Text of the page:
Campaign Asks 300 Journalists, First Responders, and Road Safety Experts to Reconsider the Word “Accident”
Wally Oppal, Medical Health Officer, BCAA join the call to change the discourse
VANCOUVER, British Columbia, Jan. 31, 2019 (GLOBE NEWSWIRE) — A new campaign by The Community Against Preventable Injuries (Preventable) suggests that one simple change could alter the reality of preventable injuries in British Columbia: reconsider the word “accident.”
An “accident” means something unfortunate that happens unexpectedly and unintentionally. Many British Columbians believe that serious injuries, like those from motor vehicle crashes, are just “accidents” waiting to happen. In reality, most injuries are both predictable and preventable, and yet, an average of 283 British Columbians die each year1 and 3,762 are hospitalized2 from road-related injuries.
The campaign, called “Changing the Discourse,” encourages media, first responders, road safety experts, and the public to use different words to describe injuries.
Dr. Varinder Badh experienced a personal tragedy that showed her first-hand the power of words: her parents were killed in a car crash in 2008. This terrible incident was referred to as an “accident”—when we talk about preventable injuries as unavoidable “accidents,” we minimize the impact they can have on the families affected by them.
Dr. Badh’s PhD work found that the words we use to describe injuries can affect how we perceive the choices that lead to situations where a serious injury could happen. She urges us to “learn a new language” and reflect on the attitude that serious injuries and death are inevitable.
“Word use is an active choice. If we all used the words ‘car crash’ or ‘collision’ instead of the word ‘accident,’ we can start to think of these injuries as avoidable,” she says.
Influential British Columbians have joined Preventable in this initiative. The Honourable Wally Oppal, former MLA and BC Supreme Court and Court of Appeal Justice; Shom Sen, President and CEO of the BC Automobile Association (BCAA); and Dr. Emily Newhouse, Medical Health Officer for Vancouver Coastal Health, have all lent their voices to the campaign.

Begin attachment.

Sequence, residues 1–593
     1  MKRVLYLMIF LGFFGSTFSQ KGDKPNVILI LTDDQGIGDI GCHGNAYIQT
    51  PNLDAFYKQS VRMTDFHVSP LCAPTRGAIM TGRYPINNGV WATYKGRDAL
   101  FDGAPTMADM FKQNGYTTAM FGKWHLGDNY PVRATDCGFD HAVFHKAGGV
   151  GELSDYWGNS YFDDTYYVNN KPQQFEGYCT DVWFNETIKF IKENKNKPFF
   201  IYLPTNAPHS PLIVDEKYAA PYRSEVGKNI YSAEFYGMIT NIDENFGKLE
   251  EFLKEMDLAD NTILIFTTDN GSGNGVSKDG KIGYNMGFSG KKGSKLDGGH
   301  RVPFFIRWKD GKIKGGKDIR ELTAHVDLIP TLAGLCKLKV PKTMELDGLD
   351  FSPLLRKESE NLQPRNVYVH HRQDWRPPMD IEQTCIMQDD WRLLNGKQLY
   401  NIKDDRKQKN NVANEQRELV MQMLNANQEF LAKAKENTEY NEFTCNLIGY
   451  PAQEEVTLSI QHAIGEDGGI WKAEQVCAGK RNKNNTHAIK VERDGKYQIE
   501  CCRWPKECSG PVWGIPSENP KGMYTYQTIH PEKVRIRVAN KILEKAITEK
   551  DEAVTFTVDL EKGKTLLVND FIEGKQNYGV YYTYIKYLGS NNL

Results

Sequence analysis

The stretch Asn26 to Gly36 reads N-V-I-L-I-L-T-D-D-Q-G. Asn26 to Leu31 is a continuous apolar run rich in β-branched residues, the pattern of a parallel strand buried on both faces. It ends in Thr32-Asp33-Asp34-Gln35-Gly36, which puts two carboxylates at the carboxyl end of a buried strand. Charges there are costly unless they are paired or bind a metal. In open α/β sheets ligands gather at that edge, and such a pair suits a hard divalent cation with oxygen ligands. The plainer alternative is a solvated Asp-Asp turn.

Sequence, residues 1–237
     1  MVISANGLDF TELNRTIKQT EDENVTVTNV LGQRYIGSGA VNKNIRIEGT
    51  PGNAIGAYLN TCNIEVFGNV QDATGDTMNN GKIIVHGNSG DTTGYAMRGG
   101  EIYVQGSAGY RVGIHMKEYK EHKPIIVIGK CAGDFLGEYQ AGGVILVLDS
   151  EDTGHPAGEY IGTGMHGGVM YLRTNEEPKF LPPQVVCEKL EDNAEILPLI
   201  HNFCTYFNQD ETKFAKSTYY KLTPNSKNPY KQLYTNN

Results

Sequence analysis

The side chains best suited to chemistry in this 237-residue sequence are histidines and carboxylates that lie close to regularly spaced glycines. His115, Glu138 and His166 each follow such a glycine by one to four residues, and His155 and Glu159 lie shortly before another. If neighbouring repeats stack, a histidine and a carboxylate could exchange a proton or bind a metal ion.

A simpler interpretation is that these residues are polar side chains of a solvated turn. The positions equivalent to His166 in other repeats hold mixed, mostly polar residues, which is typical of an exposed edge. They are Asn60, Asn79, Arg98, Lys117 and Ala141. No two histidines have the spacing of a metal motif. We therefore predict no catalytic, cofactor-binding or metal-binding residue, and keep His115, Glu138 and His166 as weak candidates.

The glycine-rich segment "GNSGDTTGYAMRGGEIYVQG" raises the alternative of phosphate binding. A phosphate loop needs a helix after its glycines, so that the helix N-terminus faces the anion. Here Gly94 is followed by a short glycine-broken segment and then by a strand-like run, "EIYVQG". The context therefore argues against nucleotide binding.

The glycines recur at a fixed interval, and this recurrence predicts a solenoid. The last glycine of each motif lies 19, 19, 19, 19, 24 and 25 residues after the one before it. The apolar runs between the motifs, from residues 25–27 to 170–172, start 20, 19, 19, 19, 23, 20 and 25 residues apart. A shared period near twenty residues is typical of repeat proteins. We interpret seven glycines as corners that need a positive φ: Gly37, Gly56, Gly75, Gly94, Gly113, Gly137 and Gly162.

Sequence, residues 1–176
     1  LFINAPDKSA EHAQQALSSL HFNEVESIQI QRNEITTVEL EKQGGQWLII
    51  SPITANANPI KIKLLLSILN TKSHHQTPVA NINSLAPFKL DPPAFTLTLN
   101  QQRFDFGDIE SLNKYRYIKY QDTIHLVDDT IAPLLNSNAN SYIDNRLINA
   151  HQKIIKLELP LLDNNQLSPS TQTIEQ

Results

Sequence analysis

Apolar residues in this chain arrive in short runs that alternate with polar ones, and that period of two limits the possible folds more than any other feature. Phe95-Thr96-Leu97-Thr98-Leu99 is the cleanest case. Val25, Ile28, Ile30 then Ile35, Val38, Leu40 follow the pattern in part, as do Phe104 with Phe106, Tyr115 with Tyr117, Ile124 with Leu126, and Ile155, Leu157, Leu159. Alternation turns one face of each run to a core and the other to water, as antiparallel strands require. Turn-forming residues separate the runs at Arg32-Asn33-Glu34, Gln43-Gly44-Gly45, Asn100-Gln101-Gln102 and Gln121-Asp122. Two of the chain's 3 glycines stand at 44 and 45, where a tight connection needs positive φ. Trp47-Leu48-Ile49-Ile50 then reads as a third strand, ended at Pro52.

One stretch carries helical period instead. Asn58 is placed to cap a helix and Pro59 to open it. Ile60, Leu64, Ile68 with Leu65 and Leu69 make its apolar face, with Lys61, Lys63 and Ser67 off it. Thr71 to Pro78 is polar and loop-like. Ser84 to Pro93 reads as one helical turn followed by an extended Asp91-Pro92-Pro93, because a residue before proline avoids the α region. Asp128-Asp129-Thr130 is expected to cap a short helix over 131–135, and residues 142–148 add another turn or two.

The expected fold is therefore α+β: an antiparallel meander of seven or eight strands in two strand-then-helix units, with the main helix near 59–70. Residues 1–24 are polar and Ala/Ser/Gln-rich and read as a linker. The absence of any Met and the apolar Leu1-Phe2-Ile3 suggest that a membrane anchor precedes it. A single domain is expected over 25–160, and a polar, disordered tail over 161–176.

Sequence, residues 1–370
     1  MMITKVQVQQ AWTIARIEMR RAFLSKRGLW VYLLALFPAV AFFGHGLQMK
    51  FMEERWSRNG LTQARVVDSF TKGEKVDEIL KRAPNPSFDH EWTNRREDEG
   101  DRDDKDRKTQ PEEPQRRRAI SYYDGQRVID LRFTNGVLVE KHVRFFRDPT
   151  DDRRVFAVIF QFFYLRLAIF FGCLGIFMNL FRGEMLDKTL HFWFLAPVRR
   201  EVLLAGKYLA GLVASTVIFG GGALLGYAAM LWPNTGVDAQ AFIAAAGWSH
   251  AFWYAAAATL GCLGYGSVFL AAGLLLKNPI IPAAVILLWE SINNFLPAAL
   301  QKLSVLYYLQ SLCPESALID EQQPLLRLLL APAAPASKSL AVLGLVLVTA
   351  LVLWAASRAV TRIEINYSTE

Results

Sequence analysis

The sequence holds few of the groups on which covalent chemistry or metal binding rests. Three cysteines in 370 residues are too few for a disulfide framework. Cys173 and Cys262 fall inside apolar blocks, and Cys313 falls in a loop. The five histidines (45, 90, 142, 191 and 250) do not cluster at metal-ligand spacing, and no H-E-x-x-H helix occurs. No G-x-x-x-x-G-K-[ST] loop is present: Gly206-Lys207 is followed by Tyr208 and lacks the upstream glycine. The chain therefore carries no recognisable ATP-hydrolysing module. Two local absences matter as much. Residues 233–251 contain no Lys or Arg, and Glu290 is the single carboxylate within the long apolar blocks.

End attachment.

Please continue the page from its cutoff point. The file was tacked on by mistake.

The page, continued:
Over 300 packages are being sent to media outlets, police and fire chiefs, and road safety organizations across BC. Each package contains a booklet with impact statements and a token to serve as a physical reminder that words have power.
“These people are often in the public eye,” says Dr. Ian Pike, spokesperson for Preventable. “They have the power to shape our attitudes and perceptions. Whether it’s injuries that happen on the road, work, play, home, or on the water, we hope that they can lead the sea change needed to shift how we think about preventable injuries.”
1 Motor Vehicle Related Fatalities: 10-Year Statistics for BC, RoadSafetyBC, 5-year average, 2013-2017.
2 Discharge Abstract Database, Ministry of Health, BCIRPU Injury Data Online Tool, 2018.
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Preventable is a province-wide, multi-partner organization raising awareness, transforming attitudes, and ultimately changing behaviours. The goal of the organization and its partners is to significantly reduce the number and severity of preventable injuries in BC. Preventable’s strategy is based on two years of extensive research to develop a comprehensive understanding of how and why preventable injuries occur throughout the province. Preventable’s work is made possible through the financial and in-kind support of a variety of organizations that continue to sign on as partners in fighting the epidemic of preventable injuries in BC. Now in its 10th year of activity, the campaign is an evolution in Preventable’s ongoing discussion with British Columbians about the epidemic proportions of preventable injuries.